For 16 years Reverend Linda Park has ministered at St. Andrew’s Presbyterian Church in Lindsay, and she vividly remembers the vandalism and break and enters in the early days. They happened at the downtown church all too often.
The Ontario Basic Income Network (OBIN) is hosting a free public discussion on basic income in early November at Fleming College’s Frost Campus in Lindsay.
The Nov. 3 event is a chance to explore how basic income might benefit the town, according to Chair of OBIN’s provisional steering committee, Rob Rainer.
“The public event is an opportunity to explore the various ways basic income could really help the people of Lindsay,” he says.
Enrollment in Ontario’s basic income pilot gets underway in Lindsay next week.
In-person enrollment sessions will begin Oct. 12-13 where people can complete applications to be part of the pilot.
Minister of Community and Social Services, Dr. Helena Jaczek, was in Lindsay this week touring and visited A Place Called Home, a 19-bed hostel for homeless single adults, couples and families with children. Jaczek spoke with staff and individuals there, about how they could benefit from the pilot. A Place Called Home is one of the community organizations that is supporting the Ontario Basic Income Pilot.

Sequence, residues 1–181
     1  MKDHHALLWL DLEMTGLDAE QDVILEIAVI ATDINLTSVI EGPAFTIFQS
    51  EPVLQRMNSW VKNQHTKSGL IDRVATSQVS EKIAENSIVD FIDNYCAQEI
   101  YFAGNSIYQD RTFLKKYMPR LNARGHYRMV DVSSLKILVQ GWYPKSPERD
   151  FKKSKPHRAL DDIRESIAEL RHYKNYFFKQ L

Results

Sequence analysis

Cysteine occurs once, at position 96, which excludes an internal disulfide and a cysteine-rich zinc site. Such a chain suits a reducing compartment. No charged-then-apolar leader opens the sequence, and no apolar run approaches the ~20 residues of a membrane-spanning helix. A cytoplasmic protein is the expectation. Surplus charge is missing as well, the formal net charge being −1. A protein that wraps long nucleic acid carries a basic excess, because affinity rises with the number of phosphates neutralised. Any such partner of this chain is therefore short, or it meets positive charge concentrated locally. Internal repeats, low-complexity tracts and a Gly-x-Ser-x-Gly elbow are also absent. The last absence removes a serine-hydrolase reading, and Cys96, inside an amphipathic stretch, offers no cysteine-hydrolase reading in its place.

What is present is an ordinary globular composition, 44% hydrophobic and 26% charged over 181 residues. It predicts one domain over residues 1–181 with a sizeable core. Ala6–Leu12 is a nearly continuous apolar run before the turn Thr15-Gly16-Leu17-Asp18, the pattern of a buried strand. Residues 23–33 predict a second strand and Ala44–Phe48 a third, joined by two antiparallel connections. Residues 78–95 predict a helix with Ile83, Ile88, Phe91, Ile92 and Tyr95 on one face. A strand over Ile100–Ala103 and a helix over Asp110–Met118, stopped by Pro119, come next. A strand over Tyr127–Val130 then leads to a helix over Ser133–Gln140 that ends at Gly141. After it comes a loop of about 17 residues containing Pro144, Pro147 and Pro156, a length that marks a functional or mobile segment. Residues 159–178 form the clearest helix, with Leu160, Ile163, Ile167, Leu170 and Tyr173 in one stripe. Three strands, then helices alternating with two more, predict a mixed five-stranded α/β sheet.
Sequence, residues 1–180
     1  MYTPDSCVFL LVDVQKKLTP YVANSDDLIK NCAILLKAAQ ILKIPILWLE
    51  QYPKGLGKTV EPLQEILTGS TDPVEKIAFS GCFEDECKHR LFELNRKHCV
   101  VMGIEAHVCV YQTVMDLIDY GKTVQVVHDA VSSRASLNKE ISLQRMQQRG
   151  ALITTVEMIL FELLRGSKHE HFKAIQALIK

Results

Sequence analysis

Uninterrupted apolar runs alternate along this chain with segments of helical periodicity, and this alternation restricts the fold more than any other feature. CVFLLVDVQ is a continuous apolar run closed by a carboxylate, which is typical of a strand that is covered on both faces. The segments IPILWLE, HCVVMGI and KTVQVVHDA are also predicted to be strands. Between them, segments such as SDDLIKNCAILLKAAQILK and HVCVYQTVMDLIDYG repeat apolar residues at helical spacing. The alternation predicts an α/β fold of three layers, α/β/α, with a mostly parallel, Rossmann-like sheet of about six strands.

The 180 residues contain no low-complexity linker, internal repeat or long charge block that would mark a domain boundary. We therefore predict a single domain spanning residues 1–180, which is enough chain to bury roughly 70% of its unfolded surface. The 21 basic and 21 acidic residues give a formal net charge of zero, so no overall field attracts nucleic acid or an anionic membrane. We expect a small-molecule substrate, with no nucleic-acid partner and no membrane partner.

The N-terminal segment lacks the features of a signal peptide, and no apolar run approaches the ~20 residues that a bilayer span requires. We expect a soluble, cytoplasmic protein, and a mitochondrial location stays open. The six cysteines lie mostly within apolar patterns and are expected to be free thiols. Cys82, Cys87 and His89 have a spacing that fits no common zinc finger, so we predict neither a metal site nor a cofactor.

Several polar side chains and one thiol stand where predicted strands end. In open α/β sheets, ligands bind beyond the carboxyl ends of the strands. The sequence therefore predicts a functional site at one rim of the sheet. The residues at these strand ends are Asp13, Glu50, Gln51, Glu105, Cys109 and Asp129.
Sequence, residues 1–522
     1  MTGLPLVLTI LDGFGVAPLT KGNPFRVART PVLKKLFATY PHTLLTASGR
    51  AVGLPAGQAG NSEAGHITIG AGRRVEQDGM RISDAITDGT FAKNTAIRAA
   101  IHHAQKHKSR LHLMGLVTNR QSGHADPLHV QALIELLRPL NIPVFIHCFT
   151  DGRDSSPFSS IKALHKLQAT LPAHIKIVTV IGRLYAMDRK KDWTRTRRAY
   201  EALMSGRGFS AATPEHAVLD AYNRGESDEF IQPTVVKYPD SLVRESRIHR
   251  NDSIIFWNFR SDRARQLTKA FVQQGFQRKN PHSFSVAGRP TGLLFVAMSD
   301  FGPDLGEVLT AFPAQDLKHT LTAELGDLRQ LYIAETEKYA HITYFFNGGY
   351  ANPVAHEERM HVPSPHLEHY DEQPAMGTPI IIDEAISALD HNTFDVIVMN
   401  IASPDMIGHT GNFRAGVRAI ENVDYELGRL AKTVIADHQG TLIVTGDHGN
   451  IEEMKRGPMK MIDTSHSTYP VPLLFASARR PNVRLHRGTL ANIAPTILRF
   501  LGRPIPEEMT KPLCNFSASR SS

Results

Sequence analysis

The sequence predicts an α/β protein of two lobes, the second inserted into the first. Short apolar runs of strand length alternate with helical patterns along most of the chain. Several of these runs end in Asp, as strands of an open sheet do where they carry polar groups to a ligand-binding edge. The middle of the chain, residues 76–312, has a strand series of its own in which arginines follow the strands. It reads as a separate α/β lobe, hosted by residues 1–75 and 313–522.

About two thirds of basic income sign-ups so far have come from the so-called ‘working poor,’ a fact Lindsay residents who are struggling should take note of as it begins to unfold here.
Ontario’s Minister of Community and Social Services, Helena Jaczek, and her counterpart, Peter Milczyn, the minister responsible for the poverty reduction strategy and minister of housing, held a press conference in Hamilton earlier this morning to update the public on the basic income pilot.
The basic income pilot is being held in Hamilton/Brant County and Thunder Bay, which began during the summer, and in Lindsay, which will begin this fall.
Lindsay was in the spotlight yesterday when TVO’s flagship show, The Agenda, was in town filming a special basic income episode.
The crew chose the Pie Eyed Monk on Cambridge Street to tape the show, which is still under development as a craft brewery and restaurant.
The three panelists who participated were Mike Perry, executive director of the City of Kawartha Lakes Family Health Team, Zita Devan, founder of A Place Called Home in Lindsay, and Roderick Benns, publisher of The Lindsay Advocate.
The leader of Trillium Lakelands District School Board has positioned himself squarely in favour of Lindsay’s basic income pilot, saying there are “so many possibilities” for it to do community good.
Director of Education Larry Hope says his “personal belief is that we have to look at the big picture for our citizens and for society,” he says, referencing the basic income pilot that begins this fall in Lindsay.
“If we can step back and take a look at this, we cannot deny that this will be good for our community,” Hope tells The Lindsay Advocate.